Linked by Thom Holwerda on Fri 19th Oct 2012 20:07 UTC
Windows Interesting little tidbit from the Reddit AMA session with Microsoft's Surface team. One Redditor wondered just how much disk space Windows RT takes up - in other words, if you buy the 32GB Surface RT tablet, how much space is left for your stuff? It turns out that while Windows 8 RT is considerably smaller than its Windows 7 x86 predecessor, it's still huge by mobile standards.
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RE: Windows is notorious for this
by tanzam75 on Sat 20th Oct 2012 01:29 UTC in reply to "Windows is notorious for this"
tanzam75
Member since:
2011-05-19

It is also known to grows in size over time.
This can be because of installation files being left over even if the application is uninstalled.


Interesting. Under what circumstances are installers left over after applications are uninstalled?

I've noticed that a lot of installers extract to a temporary directory, and then forget to delete it when the MSI finishes running. But this has nothing to do with uninstall -- they eat up the disk space even if you never uninstall the app.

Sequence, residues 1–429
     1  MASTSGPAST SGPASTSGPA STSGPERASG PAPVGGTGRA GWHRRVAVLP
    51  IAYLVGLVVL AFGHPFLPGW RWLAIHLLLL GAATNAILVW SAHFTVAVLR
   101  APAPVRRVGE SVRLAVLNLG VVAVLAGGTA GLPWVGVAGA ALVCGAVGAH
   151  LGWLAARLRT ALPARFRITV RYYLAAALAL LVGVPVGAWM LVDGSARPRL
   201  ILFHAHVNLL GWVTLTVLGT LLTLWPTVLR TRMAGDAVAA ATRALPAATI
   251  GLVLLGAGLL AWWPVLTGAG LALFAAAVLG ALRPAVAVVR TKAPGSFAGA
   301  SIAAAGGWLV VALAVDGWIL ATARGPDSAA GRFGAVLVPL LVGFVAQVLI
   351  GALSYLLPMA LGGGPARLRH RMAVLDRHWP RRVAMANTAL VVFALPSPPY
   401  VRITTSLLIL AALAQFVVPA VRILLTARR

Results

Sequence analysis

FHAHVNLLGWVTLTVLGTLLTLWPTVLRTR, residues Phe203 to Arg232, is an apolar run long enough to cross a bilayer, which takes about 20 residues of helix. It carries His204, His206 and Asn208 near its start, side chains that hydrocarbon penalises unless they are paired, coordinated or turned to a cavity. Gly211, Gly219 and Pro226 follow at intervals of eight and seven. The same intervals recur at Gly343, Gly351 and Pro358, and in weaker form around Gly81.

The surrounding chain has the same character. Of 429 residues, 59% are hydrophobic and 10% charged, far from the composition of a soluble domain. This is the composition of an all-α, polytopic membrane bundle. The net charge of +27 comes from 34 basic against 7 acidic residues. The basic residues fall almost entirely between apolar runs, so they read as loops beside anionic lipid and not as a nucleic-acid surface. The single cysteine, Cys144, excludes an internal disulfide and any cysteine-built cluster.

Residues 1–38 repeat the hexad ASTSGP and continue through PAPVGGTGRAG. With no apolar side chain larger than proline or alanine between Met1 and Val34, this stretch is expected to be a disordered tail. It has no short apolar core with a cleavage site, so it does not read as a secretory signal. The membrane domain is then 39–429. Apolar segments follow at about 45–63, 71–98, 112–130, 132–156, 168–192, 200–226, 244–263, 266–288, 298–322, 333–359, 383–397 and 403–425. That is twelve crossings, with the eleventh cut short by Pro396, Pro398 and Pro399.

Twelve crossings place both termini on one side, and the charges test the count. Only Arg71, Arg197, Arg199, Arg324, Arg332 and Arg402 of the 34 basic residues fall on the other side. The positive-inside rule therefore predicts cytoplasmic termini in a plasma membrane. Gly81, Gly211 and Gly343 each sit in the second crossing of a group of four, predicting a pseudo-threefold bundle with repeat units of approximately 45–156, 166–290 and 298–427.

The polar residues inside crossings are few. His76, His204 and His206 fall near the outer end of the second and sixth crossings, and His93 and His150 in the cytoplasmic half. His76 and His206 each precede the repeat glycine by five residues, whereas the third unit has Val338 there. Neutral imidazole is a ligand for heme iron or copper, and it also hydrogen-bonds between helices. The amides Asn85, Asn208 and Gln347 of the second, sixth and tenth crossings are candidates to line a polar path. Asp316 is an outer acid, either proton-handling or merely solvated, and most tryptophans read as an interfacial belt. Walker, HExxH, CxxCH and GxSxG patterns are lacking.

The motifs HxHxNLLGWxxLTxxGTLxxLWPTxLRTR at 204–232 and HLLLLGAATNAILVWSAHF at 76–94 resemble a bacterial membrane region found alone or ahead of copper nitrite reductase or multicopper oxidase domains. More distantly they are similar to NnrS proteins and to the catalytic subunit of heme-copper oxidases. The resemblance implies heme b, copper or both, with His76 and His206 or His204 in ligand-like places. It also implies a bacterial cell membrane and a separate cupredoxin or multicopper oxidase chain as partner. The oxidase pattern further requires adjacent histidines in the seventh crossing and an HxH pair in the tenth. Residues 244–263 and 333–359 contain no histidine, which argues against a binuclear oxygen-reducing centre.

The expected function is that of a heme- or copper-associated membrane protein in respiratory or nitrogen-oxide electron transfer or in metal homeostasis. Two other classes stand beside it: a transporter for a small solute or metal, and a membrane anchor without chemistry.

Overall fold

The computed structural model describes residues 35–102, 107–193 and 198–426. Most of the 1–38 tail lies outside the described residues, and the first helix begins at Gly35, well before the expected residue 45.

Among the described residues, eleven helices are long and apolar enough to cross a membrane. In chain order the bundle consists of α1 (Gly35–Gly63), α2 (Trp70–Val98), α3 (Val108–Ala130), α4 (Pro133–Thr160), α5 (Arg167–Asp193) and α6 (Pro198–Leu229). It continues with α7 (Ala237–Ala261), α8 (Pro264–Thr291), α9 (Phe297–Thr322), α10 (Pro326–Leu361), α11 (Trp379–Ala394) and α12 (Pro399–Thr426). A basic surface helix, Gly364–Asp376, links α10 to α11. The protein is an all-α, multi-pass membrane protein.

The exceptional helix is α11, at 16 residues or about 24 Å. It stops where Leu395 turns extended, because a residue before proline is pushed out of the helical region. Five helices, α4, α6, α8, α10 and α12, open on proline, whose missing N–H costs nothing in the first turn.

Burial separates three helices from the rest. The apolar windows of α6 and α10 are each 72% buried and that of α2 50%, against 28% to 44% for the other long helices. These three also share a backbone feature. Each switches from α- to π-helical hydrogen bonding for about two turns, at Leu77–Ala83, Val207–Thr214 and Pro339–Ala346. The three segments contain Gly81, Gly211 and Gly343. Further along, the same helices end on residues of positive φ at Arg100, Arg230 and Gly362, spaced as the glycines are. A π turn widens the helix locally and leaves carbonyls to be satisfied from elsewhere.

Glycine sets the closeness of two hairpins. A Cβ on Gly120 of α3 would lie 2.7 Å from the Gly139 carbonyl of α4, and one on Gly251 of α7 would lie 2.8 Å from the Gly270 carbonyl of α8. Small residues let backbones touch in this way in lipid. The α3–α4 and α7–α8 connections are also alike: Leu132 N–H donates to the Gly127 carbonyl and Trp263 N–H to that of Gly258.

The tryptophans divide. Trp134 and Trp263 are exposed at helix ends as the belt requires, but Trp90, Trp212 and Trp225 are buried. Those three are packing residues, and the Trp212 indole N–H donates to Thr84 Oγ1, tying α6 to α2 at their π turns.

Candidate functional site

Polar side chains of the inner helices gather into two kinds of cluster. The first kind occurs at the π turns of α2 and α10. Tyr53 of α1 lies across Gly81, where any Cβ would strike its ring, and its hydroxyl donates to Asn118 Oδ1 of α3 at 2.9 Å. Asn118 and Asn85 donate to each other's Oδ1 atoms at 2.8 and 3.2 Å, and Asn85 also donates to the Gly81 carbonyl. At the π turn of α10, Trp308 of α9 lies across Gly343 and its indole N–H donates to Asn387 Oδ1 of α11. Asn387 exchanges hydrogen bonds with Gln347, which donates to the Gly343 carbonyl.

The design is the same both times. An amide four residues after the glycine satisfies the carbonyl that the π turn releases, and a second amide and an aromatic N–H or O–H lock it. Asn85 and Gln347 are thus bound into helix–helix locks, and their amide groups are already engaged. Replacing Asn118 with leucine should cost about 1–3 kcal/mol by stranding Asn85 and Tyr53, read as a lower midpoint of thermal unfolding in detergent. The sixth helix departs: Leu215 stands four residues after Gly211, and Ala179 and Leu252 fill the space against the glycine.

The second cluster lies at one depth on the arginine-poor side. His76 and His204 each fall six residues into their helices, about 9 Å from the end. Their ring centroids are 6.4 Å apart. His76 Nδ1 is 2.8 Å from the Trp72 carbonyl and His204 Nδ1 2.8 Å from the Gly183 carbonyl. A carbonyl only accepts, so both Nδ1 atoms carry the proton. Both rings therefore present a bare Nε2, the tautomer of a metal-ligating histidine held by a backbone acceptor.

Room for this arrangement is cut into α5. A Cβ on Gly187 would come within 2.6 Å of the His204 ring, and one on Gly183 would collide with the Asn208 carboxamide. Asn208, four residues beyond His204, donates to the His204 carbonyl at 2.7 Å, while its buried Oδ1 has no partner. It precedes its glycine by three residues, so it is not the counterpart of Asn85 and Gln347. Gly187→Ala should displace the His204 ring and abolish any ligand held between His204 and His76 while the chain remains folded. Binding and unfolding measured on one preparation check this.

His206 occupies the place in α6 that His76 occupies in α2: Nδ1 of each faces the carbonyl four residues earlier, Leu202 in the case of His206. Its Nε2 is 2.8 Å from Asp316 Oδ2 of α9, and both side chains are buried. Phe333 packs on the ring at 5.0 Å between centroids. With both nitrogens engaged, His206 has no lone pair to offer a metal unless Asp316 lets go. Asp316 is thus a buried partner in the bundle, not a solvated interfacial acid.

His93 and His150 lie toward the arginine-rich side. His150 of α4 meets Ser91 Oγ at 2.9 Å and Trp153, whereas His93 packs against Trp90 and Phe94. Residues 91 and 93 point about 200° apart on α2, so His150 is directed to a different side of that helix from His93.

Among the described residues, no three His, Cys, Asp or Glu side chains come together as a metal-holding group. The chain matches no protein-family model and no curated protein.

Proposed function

The \Windows\Installer directory should clean up after itself. It's those pesky temporary directories that bootstrappers extract into that tend to hang around.

Reply Parent Score: 2

henderson101 Member since:
2006-05-30

Sometimes MSI will leave files to "aid uninstallation". IIRC, Borland did this with Delphi 2005. It was very annoying. Something to do with a catalogue of files installed or similar. I've also encountered at least one installer that did the same so that features could be "installed on the fly" without the original medial being present. Some installers are just crap though and son't clean up properly.

Reply Parent Score: 2

Moredhas Member since:
2008-04-10

Not just sometimes. Every MSI installer (yes, Microsoft Installer Installer...) you run is copied and stored inside your Windows folder with a cryptic name slapped on it, because the MSI file is also the uninstaller for a program. You run into problems when, even after uninstalling a program, that file doesn't disappear.

As an aside, a problem I have to deal with at work on a semi-frequent basis occurs when some clever fool finds and decides to clean up this dozens-of-gigabytes folder of installers. Pretty much the only programs that seem to have a problem with that are iTunes and Quicktime, which apparently can't update without the old installer there to remove the old program. The solution is to use a Microsoft tool that removes all of the registry entries pertaining to iTunes and Quicktime, so Windows just no longer knows it's installed, and the new version's installer can run unimpeded.

Reply Parent Score: 4